Failure to Bury ‘Transitory’ Inflation Narrative Risks Sparking Biggest Fed Error in Decades: Economist

By Tom Ozimek
Tom Ozimek
Tom Ozimek
Reporter
Tom Ozimek has a broad background in journalism, deposit insurance, marketing and communications, and adult education. The best writing advice he's ever heard is from Roy Peter Clark: 'Hit your target' and 'leave the best for last.'
October 26, 2021 Updated: October 26, 2021

Failure on the part of the Fed to toss its stubbornly-held “transitoryinflation narrative and act more decisively to rein in persistently high price pressures raises the likelihood the central bank will need to slam on the brakes of easy money policies much more forcefully down the road, risking avoidably severe disruption to domestic and global markets, according to Queen’s College President and economist Mohamed El-Erian.

“In stark contrast with the mindset of corporate leaders who are dealing daily with the reality of higher and persistent inflationary pressures, the transitory concept has managed to retain an almost mystical hold on the thinking of many policy makers,” El-Erian wrote in an Oct. 25 op-ed in Bloomberg.

“The longer this persists, the greater the risk of a historic policy error whose negative implications could last for years and extend well beyond the U.S.,” he argued.

Consumer price inflation is running at around a 30-year high and well beyond the Fed’s 2 percent target, to the consternation of central bank policymakers who face increasing pressure to roll back stimulus, even as they express concern that the labor market hasn’t fully rebounded from pandemic lows.

The total number of unemployed persons in the United States now stands at 7.7 million, and while that’s considerably lower than the pandemic-era high, it remains elevated compared to the 5.7 million just prior to the outbreak. The unemployment rate, at 4.8 percent, also remains above pre-pandemic levels.

At the same time, other labor market indicators, such as the near record-high number of job openings and an all-time-high quits rate—which reflects worker confidence in being able to find a better job—suggest the labor market is catching up fast. Businesses continue to report hiring difficulties and have been boosting wages to attract and retain workers. Over the past six months, wages have averaged a gain of 0.5 percent per month, around twice the pace prior to the pandemic, the most recent jobs report showed.

Besides measures of inflation running hot, consumer expectations for future levels of inflation have hit record highs, threatening a de-anchoring of expectations and raising the specter of the kind of wage-price spiral that bedeviled the economy in the 1970s. A recent Federal Reserve Bank of New York monthly Survey of Consumer Expectations showed that U.S. households anticipate inflation to be 5.3 percent next year and 4.2 percent in the next three years, the highest readings in the history of the series, which dates back to 2013.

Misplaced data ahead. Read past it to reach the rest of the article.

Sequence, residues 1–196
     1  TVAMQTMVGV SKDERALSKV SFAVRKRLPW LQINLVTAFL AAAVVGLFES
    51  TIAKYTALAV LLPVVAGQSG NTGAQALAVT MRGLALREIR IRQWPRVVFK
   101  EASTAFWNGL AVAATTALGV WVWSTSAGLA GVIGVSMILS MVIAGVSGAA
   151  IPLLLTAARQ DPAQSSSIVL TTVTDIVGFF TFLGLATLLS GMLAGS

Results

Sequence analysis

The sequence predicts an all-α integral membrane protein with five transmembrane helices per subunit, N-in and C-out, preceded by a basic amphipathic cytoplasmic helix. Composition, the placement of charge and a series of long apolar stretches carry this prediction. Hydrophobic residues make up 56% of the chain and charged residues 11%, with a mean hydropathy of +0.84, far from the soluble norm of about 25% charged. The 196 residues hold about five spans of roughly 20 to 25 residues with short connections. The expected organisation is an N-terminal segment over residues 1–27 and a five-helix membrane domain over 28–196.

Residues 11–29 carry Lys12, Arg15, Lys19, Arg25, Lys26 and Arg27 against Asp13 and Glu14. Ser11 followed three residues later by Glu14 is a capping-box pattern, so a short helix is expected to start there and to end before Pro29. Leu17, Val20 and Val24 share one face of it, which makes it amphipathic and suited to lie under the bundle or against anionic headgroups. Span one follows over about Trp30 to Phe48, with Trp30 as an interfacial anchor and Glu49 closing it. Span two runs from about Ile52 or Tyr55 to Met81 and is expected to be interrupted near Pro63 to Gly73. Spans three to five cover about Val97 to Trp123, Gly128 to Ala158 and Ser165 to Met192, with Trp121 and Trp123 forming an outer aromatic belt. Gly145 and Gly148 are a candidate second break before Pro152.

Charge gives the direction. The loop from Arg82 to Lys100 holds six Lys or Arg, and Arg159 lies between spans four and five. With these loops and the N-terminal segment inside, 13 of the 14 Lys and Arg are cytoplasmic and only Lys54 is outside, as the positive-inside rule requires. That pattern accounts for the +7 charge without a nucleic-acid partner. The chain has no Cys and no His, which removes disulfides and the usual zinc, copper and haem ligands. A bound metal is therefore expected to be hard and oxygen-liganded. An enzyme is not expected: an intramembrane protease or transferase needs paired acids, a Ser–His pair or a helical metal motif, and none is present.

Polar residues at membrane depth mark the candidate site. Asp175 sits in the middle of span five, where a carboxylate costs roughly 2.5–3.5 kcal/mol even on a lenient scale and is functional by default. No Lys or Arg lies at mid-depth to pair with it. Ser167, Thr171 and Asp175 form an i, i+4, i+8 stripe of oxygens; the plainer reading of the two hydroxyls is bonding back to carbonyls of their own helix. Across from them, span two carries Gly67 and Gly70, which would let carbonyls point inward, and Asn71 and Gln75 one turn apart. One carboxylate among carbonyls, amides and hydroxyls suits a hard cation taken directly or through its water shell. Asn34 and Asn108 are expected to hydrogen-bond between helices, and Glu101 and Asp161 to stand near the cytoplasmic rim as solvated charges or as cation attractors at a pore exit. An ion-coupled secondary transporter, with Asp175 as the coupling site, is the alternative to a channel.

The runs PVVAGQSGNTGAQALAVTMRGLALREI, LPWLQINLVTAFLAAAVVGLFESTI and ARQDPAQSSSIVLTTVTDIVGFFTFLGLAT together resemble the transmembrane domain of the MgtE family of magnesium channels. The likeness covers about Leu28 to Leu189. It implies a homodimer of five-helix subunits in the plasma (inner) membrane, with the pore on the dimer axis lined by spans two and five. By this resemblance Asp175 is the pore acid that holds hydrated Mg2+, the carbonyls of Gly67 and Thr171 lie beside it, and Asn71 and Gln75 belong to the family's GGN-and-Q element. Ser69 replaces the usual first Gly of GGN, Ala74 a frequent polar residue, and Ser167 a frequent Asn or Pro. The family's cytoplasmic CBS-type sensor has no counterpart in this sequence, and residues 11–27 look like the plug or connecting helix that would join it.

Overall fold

El-Erian, in the op-ed, argued that the Fed has “fallen hostage” to the framing that the current bout of inflation is temporary and will abate once pandemic-related supply chain dislocations will abate.

“It is a framing that is pleasing to the ears, not only to those of policy makers but also those of the financial markets, but becoming harder to change,” he wrote.

“Indeed, the almost dogmatic adherence to a strict transitory line has given way in some places to notions of ‘extended transitory,’ ‘persistently transitory,’ and ‘rolling transitory’—compromise formulations that, unfortunately, lack analytical rigor given that the whole point of a transitory process is that it doesn’t last long enough to change behaviors,” he wrote.

El-Erian said he fears that Fed officials will double down on the transitory narrative rather than cast it aside, raising the probability of the central bank “having to slam on the monetary policy brakes down the road—the ‘handbrake turn.'”

“A delayed and partial response initially, followed by big catch-up tightening—would constitute the biggest monetary policy mistake in more than 40 years,” El-Erian argued, adding that it would “unnecessarily undermine America’s economic and financial well-being” while also sending “avoidable waves of instability throughout the global economy.”

His warning comes as the Federal Open Market Committee (FOMC)—the Fed’s policy-setting body—will hold its next two-day meeting on November 2 and 3.

The FOMC has signaled it would raise interest rates sometime in 2023 and begin tapering the Fed’s $120-billion-a-month pandemic-era stimulus and relief efforts as early as November.

Some Fed officials have said that, if inflation stays high, this supports the case for an earlier rate hike. Fed Governor Christopher Waller recently suggested that the central bank might need to introduce “a more aggressive policy response” than just tapering “if monthly prints of inflation continue to run high through the remainder of this year.”

“If inflation were to continue at 5 [percent] into 2022, you’ll start seeing everybody potentially—well, I can’t speak for anybody else, just myself, but—you would see people pulling their ‘dots’ forward and having potentially more than one hike in 2022,” he said in prepared remarks to Stanford Institute for Economic Policy Research.

The Fed’s dot plot (pdf), which shows policymakers’ rate-hike forecasts, indicates half of the FOMC’s members anticipate a rate increase by the end of 2022 and the other half predict the beginning of rate increases by the end of 2023.

Tom Ozimek
Reporter
Tom Ozimek has a broad background in journalism, deposit insurance, marketing and communications, and adult education. The best writing advice he's ever heard is from Roy Peter Clark: 'Hit your target' and 'leave the best for last.'